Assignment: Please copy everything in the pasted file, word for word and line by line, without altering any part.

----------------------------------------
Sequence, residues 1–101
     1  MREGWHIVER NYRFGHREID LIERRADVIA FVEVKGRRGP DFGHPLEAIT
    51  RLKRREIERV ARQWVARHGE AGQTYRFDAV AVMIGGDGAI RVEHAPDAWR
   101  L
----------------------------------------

Sequence, residues 1–101
     1  MREGWHIVER NYRFGHREID LIERRADVIA FVEVKGRRGP DFGHPLEAIT
    51  RLKRREIERV ARQWVARHGE AGQTYRFDAV AVMIGGDGAI RVEHAPDAWR
   101  L